Political will lacking in meeting renewable energy targets

B4E Google rebecca moore 28 apr
Google demonstrates the power of technology to help achieve sustainability at Jakarta's B4E Summit. Photo: Global Initiatives

Existing technology may be sufficient to meet global renewable energy targets, but political will is lagging behind, said experts at this week’s B4E Global Summit in Jakarta.

In a panel session on renewable energy on the opening day of the summit, Rafael Senga from the World Wide Fund for Nature’s (WWF) Global Climate and Energy Initiative presented the WWF Energy Report outlining how the world can move to 100 per cent renewable energy sources by 2050.

“To meet our energy needs at current levels of consumption, we would need another four Saudi Arabias and another four Russias just to make it to 2030,” he said.

He added that nuclear would not be an acceptable low-carbon energy technology “unless we can work out what to do with the 100,000 tonnes of toxic waste generated each year.”

Wasabi Energy executive director Malcome Jacques said that increasing energy efficiency is a critical way to help achieve a low-carbon economy: “We can reduce consumption globally by 40 per cent today if we increase efficiency.”

“The global recession was the biggest contributor to energy savings in recent time, showing how much it is possible to reduce our consumption,” he added.

Significant investment is needed for the transition to a low-carbon economy, said the panelists. “An upfront investment of 1 trillion to 3.5 trillion is required to meet the 100 per cent renewables target, but  there will be net savings if we consider the long term - to 2050,” said Mr Jacques, “Industry will be the first to benefit from these savings.”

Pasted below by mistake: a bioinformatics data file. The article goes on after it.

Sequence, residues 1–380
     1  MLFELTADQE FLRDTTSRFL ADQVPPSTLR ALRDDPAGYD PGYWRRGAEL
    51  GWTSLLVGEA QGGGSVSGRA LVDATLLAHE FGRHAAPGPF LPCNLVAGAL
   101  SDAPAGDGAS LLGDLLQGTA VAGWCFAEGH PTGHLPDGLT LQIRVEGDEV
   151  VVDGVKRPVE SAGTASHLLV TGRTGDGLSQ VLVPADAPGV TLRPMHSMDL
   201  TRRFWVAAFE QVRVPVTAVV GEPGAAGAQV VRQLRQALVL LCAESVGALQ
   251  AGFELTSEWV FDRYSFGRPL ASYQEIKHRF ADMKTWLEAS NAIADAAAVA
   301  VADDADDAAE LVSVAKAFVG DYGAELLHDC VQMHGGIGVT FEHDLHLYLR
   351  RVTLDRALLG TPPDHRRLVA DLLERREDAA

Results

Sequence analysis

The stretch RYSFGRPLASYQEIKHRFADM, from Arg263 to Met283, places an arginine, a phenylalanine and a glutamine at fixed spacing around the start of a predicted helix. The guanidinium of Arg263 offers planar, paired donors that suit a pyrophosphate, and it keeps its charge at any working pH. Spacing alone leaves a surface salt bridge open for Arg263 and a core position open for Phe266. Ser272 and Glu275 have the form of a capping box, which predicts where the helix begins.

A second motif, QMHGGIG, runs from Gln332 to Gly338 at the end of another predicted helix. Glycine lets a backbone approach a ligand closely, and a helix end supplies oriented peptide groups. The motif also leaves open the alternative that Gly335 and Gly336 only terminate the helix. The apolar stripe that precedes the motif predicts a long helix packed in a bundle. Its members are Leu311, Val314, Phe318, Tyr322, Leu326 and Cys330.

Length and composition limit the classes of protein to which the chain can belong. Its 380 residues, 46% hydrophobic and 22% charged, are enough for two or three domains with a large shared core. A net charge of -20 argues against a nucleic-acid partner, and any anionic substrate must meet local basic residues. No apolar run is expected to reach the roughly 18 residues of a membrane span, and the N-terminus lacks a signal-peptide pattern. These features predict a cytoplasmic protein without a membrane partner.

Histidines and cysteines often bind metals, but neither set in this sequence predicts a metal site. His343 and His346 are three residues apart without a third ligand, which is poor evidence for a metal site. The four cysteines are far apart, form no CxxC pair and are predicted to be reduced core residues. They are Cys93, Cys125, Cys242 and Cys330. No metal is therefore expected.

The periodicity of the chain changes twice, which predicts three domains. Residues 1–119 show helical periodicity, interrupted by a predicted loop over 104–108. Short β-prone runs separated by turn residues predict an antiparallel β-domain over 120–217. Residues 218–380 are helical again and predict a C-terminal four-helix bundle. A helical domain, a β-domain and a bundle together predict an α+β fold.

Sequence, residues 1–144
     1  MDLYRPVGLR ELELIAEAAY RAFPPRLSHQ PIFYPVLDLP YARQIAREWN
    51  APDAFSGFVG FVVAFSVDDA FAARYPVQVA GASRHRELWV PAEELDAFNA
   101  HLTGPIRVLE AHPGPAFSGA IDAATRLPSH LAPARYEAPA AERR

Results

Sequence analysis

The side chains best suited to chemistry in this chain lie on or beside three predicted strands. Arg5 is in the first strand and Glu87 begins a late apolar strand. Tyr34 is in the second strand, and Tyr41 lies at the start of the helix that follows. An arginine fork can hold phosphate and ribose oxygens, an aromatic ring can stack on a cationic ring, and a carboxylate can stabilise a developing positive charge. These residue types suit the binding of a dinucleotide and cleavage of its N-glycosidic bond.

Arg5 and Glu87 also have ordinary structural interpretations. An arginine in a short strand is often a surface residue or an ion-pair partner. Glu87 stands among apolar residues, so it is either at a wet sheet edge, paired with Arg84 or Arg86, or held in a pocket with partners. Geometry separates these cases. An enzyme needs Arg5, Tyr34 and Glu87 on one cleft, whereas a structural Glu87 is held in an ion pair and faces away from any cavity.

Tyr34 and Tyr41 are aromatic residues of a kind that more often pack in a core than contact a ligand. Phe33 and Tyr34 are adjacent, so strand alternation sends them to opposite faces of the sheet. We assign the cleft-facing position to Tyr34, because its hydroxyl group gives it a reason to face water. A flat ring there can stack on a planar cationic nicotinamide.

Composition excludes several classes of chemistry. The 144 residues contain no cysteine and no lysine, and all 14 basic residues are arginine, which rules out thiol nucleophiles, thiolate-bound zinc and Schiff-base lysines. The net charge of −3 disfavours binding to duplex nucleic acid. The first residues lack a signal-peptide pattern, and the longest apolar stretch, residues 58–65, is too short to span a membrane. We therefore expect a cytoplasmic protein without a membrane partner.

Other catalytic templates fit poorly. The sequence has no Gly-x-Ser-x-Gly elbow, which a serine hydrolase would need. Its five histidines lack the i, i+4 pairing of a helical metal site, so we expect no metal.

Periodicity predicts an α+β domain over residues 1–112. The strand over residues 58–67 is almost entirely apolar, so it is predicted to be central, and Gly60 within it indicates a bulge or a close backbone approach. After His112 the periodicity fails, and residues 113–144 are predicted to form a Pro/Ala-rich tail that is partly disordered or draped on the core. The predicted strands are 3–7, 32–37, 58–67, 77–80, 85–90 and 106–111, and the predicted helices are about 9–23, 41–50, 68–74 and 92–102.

Energy efficiency is one way of keeping those costs down. “60 per cent of the energy we put into a power plant goes up the chimney,” he said, “The EU alone could save about 25 per cent of energy by 2020 purely by capturing this waste heat using available technology.”

Sufficient renewable energy technologies are also available, and experts said the costs would come down with enough investment in research. “To meet renewables targets, we will need 75 gigawatts from solar - and this is sufficient motivation for GE to invest in this technology,” said Gatot Prawiro of GE Jenbacher Asia Pacific.

Solar energy is not yet able to meet cost or grid parity with black coal – but this would change as new technologies like GE’s thin film are utilised, said Mr Prawiro. “Right now the technology is ready we just need the cost to go down – it will become competitive as fossil fuels become scarcer and more expensive.”

Grid parity will occur when it will be as cost-efficient to get electricity from the sun as it is from the conventional way of burning fossil fuels.

Geothermal is another form of renewable energy that holds much promise for countries located on the Pacific Rim of Fire, according to WWF’s Mr Senga. He said that WWF hopes to make geothermal the mainstream base-load power source for Indonesia, the Philippines and other Rim of Fire countries like Chile.

In addition, geothermal provides an incentive for the sustainable development of forest communities. “Geothermal delivers enormous benefits to communities. Most geothermal concessions are located in forests and they need a lot of water. If you take away the trees, the water disappears. So the only way to preserve the forests is to involve the local people living around the forests - we call it building the social fence – by recruiting them in protecting the trees.”

He added that geothermal companies are working with WWF in their forest preservation programme.

NGOs and energy technology companies at the summit agreed that there are existing and available solutions for the world’s energy problems that reduced social and environmental impacts - but the remaining barriers are cost and political will.

Eco-Business.com’s coverage of the B4E Global Summit 2011 is brought to you by City Developments Ltd (CDL).

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